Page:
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John D'Acquisto

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John Francis D'Acquisto

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John D'Acquisto pitched 10 seasons in the majors, mostly in the National League. Of his 266 total appearances, 92 were starts.

Gifted with a tremendous fastball but iffy control, he made his major league debut for the San Francisco Giants late in the 1973 season, after having been a first-round pick in the 1970 amateur draft. He had some real success in the minors, going 17-6 for the Fresno Giants in 1972 and 16-12 for the Phoenix Giants the next season, striking out 244 and 245 batters. He went 1-1, 3.58 in his first taste of the majors then had a very good rookie season in 1974. He made 36 starts in 38 games for the Giants, going 12-14 with a 3.77 ERA. He pitched 215 innings, striking out 167 batters - but also walking 127. He was named the National League Rookie of the Year by The Sporting News as well at its NL Rookie Pitcher of the Year, although Bake McBride of the St. Louis Cardinals was the official Rookie of the Year. He was also named Hot Stove League Player of the Year in his native San Diego, CA. However, his control problems - as well as the huge number of pitches he must have thrown as a 22-year-old - caught up with him in 1975. He only pitched 10 times in the majors, going 2-4 with a whopping 10.29 ERA in 28 innings, during which he somehow managed to walk 34 batters (and still strike out 22). In 1976, he walked 102 batters in 106 innings, striking out 53 - and went 3-8, 5.35.

The Giants traded D'Acquisto to the St. Louis Cardinals before the 1977 season, in a large trade that also involved Mike Caldwell and Dave Rader joining the Cardinals, while Willie Crawford, John Curtis and Vic Harris headed to San Francisco. He was only in 3 games for the Cardinals, then was traded again, to the San Diego Padres, along with Pat Scanlon, in return for Butch Metzger. He went a combined 1-2, 6.54 in 20 games, again walking over a batter per inning, although this time he had almost as many strikeouts as walks. At that point, the Padres made the brilliant decision of moving John to the bullpen, and he responded with an excellent season in 1978, when he was 4-3 with a 2.13 ERA and 10 saves in 45 games. He struck out 104 in 93 innings, walking only 56 and giving up a mere 60 hits. It looked like he had found his spot, but the Padres already had an outstanding - and high-priced - closer in Rollie Fingers, so they tried to maximize D'Acquisto's value by giving him some more starts in 1979. He made 51 appearances, including 11 starts, pitching 133 2/3 innings with a record of 9-13, 4.92. He struggled anew with his control, striking out 97 while walking 86. He was back in the bullpen full time in 1980, and put up a 3.76 ERA over 39 appearances before being traded to the Montreal Expos on August 11th. He pitched even better in Montreal, going 0-2, but with 2 saves and a 2.18 ERA in 20 2/3 innings over 11 appearances. A free agent after the season, he cashed in on his success by signing a big contract with the California Angels, who expected that he would be a dominant reliever. However, all the innings he had pitched as a young man caught up with him as he injured his elbow and was limited to 6 appearances in 1981, during which his ERA was 10.71. In 1982, he was released at the end of spring training, spent most of the year pitching for the AAA Richmond Braves, where he gave up over a run per inning, then was signed by the Oakland Athletics in early August. He came back to the majors at the end of the year, giving up 11 runs in 17 innings in what were his last major league appearances. He pitched briefly for the Denver Bears in 1983, putting up a 9.53 ERA in 6 games before calling it quits.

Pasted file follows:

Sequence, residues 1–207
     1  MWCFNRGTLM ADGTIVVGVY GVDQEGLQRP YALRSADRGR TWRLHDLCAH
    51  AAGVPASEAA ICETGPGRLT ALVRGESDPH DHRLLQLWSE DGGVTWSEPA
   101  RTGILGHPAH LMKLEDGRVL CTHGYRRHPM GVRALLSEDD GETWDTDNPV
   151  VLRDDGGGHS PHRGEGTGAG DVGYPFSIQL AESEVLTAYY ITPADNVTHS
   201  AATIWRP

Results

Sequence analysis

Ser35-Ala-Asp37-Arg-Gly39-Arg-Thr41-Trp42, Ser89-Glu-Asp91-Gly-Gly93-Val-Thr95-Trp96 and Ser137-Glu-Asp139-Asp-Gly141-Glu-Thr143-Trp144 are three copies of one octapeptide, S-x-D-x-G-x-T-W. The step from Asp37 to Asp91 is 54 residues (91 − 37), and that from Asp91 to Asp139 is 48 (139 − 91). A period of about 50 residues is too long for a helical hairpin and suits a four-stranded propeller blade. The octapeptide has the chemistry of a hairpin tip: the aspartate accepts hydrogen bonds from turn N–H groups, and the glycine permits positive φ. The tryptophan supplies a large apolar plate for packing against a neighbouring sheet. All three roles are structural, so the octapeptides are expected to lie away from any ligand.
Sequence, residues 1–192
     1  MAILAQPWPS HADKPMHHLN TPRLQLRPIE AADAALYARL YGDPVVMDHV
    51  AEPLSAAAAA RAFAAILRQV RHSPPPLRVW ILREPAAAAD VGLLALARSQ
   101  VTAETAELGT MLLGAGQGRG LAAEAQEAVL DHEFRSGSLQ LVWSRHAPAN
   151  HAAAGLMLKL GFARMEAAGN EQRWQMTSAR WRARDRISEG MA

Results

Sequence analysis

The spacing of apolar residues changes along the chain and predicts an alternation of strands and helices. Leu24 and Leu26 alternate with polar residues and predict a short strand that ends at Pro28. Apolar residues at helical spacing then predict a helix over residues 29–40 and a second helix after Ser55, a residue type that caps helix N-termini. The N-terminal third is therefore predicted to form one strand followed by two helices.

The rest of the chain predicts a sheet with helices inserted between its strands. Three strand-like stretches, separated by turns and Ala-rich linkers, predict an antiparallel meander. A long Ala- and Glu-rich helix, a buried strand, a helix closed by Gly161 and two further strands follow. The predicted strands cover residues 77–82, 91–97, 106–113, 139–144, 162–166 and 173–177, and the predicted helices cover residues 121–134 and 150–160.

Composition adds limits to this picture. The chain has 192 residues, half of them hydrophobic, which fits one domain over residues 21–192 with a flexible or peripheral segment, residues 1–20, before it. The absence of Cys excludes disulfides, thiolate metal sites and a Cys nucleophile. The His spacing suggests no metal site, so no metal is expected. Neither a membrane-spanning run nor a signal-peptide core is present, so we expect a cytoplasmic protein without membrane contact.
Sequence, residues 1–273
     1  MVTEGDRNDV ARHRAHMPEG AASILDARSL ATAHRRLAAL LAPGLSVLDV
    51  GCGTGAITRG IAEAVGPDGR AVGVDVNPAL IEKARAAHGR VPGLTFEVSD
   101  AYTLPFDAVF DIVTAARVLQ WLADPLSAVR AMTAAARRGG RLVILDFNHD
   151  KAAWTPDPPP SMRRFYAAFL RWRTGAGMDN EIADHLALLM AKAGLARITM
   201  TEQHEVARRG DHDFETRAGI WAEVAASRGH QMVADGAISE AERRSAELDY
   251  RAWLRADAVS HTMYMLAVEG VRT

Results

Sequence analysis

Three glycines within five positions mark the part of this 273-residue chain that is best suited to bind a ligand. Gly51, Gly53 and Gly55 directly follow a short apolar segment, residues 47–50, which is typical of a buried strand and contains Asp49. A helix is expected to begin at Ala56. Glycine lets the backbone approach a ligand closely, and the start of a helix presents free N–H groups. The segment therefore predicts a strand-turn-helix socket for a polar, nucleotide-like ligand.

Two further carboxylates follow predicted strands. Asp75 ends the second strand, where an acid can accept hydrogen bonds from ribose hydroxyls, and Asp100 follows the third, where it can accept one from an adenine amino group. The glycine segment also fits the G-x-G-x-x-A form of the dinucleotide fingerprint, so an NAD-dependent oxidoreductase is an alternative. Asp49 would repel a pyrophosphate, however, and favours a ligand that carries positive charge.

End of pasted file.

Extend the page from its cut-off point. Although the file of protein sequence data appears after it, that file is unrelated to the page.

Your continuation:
In 1989, D'Acquisto played for the St. Lucie Legends and Bradenton Explorers of the Senior Professional Baseball Association. He went 4-3 with 5 saves for the teams.

After his retirement, D'Acquisto became a registered investment adviser-banker, but had his license revoked and was sentenced to 63 months in prison over charges of misrepresentation and investment fraud. Later it was found out through court subpoenas of documents that D'Acquisto was used in a scheme developed by V. Davide Siniscalchi and R. Jeffs Kollar of Sheraton Management along with others and was the victim of a set-up. All of the apparent stolen funds purported to have been stolen by D'Acquisto were found in the hands of Siniscalchi of Alliance Holdings and two others, all of whom served time in prison for fraud. D'Acquisto stated that he was not responsible for any purported fraud and his court documents spelled it out clearly.

He was released from Federal Prison in January of 2002. On June 11, 2004 he was awarded his Doctor of Science degree in Exercise Science and Physiology from then-unaccredited Rochville University, and also attended Cerro Coso Community College.

His name was pronounced "Dee Ah cquisto". He was the first major league player with a last name that started with D and an apostrophe. Despite the fact that this is common in Italian names, through the 2008 season, there had been just three more. He is a cousin of Lou Marone.

"In any five-year period, there are forty guys who are claimed by somebody to be as fast as Walter Johnson, or as fast as Bob Feller, or as fast as Nolan Ryan, as fast as whoever the standard is at the moment. People made the same exact sort of comments about Pete Broberg that they did about David Clyde. We have the same kind of quotes about Gary Gentry, claiming he was as fast as Ryan. The fastest known radar reading from that era, other than Nolan Ryan, was for John D'Acquisto." - The Mighty Fastball By Bill James, The Neyer/James Guide to Pitchers

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